Jul 19 , 2022
What do picking up a raspberry, turning a door knob, and zipping a sweater have in common? They all require fine motor skills. These skills start to develop in toddlerhood.
When learning and developing fine motor skills, kids need the right tools to do so. A Busy Board and a Quiet Book help children build those skills. You’ll find in this article more about how and why you should have in your house a busy board and a quiet book to help develop your little one’s fine motor skills.
What are fine motor skills, and why do we need them?
Fine motor skills are finger or hand movements, those little moves that help with writing or tying shoelaces or feeding oneself. These toys work on finger dexterity to complete tasks that include rolling, twisting, pinching, tapping, buttoning, zipping, holding pens, painting, and more.
So, yes, we do need them daily.
How to use toys to master fine motor skills!
Kids around 2-3 years old and younger are offered toys to play with daily. While most toys do nothing for their learning process, there are a few on the market that contribute to your little one's development, from language to fine or gross motor skills. If the toys are safe and age-appropriate, they succeed in various ways in mastering new skills.
Reviewed and approved toys for three years old!
The deMoca Busy Board is a great pick since it helps develop fine motor skills, no matter where, and its dimensions are great for traveling. The wooden board improves the toddler’s focus using real-world challenges based on the Montessori principles. What kid doesn’t want to use the switches in the house, to open and close doors, to zip and unzip clothes or backpacks, or to use the buckle?
Being curious about household items is a natural stage in their development. They want to be part of the everyday activities their caregivers do.
Besides working on their fine motor skills, kids practice and learn how to become more and more independent, from dressing to opening their zipper to tying their shoelaces and telling time. And isn't that what we want from day one? To be part of their process of becoming a future independent kid, teen, and lastly, future adult?
If all parents WISELY choose the toys they offer to their kids, it would make a huge difference in modeling a well-balanced adult with all the necessary skills to succeed in any area in his life.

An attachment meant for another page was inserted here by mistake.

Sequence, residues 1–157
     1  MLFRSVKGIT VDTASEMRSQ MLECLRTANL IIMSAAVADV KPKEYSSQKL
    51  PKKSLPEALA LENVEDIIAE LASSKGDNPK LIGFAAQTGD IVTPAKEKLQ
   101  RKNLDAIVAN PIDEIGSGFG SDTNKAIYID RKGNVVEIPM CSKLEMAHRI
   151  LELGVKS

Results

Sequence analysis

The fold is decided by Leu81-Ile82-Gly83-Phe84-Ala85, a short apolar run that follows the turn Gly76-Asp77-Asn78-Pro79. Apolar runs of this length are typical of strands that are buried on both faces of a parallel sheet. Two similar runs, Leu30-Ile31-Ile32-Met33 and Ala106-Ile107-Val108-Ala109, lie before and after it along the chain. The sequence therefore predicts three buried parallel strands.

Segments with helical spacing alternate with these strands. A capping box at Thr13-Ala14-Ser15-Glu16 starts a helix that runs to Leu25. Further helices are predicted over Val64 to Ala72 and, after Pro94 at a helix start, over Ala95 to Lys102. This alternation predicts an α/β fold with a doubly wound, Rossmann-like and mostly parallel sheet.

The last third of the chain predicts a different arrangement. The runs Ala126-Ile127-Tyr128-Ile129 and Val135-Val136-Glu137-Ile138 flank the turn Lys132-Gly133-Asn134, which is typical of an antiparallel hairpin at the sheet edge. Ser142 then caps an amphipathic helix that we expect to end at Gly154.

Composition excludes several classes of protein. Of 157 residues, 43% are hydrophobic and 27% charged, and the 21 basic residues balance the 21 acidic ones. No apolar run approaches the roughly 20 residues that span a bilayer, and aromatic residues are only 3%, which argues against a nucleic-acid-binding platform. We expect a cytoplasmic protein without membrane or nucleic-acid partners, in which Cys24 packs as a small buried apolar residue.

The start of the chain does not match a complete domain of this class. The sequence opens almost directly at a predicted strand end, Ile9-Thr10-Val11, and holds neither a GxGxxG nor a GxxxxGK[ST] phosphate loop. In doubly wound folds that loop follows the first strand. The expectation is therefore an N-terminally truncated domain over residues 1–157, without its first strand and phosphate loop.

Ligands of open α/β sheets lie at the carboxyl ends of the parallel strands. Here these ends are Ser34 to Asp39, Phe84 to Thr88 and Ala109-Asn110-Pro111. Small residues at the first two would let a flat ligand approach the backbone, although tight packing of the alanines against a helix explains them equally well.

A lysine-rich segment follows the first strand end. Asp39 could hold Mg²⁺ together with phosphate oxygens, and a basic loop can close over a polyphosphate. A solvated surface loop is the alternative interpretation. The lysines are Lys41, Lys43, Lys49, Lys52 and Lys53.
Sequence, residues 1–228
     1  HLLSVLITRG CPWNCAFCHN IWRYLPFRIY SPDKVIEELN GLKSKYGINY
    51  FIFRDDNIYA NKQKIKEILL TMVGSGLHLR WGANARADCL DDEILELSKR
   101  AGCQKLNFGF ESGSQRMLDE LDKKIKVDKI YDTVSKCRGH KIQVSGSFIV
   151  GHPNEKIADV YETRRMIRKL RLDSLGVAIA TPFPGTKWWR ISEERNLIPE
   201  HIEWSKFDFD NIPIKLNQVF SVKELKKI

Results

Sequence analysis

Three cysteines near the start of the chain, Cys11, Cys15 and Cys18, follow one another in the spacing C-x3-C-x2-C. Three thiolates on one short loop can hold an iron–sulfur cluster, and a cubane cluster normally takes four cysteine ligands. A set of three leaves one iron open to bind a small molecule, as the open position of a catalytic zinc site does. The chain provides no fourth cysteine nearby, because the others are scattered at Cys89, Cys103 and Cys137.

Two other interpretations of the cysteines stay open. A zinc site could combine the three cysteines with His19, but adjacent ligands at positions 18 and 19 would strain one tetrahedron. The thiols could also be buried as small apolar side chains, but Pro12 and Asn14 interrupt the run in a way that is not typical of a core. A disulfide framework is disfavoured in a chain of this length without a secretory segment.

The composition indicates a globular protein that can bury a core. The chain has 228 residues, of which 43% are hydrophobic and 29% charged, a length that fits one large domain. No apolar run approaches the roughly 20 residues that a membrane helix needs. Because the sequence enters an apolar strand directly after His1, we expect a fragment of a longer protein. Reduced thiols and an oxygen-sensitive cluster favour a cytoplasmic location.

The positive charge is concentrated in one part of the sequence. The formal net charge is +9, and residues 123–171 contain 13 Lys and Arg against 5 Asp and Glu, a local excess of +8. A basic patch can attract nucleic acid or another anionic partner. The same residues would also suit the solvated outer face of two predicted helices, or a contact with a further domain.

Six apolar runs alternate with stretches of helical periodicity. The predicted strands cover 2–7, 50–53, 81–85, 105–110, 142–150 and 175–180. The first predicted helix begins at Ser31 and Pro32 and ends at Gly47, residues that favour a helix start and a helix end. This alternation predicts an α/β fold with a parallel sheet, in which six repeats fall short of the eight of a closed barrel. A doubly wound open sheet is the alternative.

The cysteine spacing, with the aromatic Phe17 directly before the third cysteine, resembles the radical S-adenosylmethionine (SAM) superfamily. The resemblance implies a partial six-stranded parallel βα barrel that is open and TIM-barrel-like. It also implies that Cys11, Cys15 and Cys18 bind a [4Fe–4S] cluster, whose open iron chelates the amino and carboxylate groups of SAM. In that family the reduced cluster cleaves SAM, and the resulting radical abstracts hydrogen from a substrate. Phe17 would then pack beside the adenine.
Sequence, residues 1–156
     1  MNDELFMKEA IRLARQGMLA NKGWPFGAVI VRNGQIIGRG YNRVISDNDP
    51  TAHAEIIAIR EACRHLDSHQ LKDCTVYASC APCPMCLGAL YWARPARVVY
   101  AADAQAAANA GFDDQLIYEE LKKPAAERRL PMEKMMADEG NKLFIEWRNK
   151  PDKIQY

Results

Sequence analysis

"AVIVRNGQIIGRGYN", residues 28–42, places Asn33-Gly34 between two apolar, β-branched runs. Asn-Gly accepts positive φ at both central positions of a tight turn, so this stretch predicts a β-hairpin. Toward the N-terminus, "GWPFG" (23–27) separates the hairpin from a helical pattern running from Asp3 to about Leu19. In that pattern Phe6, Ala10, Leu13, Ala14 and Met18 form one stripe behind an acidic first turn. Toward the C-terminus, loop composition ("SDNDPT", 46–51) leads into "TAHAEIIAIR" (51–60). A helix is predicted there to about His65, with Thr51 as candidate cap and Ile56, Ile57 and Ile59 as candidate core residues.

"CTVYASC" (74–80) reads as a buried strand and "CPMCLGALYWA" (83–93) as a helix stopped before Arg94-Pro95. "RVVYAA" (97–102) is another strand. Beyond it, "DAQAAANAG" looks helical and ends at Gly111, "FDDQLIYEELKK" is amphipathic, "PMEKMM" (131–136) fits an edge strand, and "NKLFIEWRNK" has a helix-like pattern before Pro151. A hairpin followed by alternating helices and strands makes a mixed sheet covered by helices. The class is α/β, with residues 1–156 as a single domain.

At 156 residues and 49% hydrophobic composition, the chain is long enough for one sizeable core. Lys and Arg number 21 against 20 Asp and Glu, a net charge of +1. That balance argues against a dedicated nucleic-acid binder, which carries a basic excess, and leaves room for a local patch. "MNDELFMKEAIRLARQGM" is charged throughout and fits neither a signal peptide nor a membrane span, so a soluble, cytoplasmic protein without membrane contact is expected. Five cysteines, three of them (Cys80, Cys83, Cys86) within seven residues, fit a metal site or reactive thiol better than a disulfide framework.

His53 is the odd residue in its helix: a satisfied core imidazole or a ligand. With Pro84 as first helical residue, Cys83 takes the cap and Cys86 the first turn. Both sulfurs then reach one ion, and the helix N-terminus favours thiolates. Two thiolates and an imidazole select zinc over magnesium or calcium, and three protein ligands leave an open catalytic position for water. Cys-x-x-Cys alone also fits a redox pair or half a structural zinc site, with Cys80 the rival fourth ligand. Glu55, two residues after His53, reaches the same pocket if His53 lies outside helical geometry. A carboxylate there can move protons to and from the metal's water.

Can a book boost fine motor skills? Yes, it can!
The Quiet Book encourages using their hands while focusing and being engaged in simple tasks, constantly working on improving their agility and coordination.
The quiet book is our second choice when working on color matching, holding, and gripping skills. It helps your child take a step further in developing their skills. They learn and master much-needed skills while having fun because learning should be fun and exciting. The quiet book is known for keeping kids engaged and persistent with the activities on each page. They learn how to dress, take care of their body and surroundings, prepare meals, and relax outside or turn pages. They can get creative and come up with unique storylines as they go through the book, developing imagination. The quiet book allows them to manipulate everyday objects as they want, learning about shapes, textures, and daily activities like dressing, snapping, buttoning, buckling, zipping, lacing, and more. Practical skills to take a step closer to independence according to age.
Do these toys help kids become more independent?
Yes, they do! Every time they play with these toys, they strengthen their muscles and coordination, being able to use those skills to carry out tasks like writing, drawing, dressing, feeding themselves, and tying their shoes.
Why we love the Busy Board and the Quiet Book!
As they grow older and transition from toddlerhood to childhood, kids need to master essential skills like, cutting using scissors, writing, etc. So, you might want to consider these toys for learning and mastering fine motor skills. They are easy to manipulate with small hands and sturdy enough to withstand any throwing, biting, or other tests the curious minds will want to do.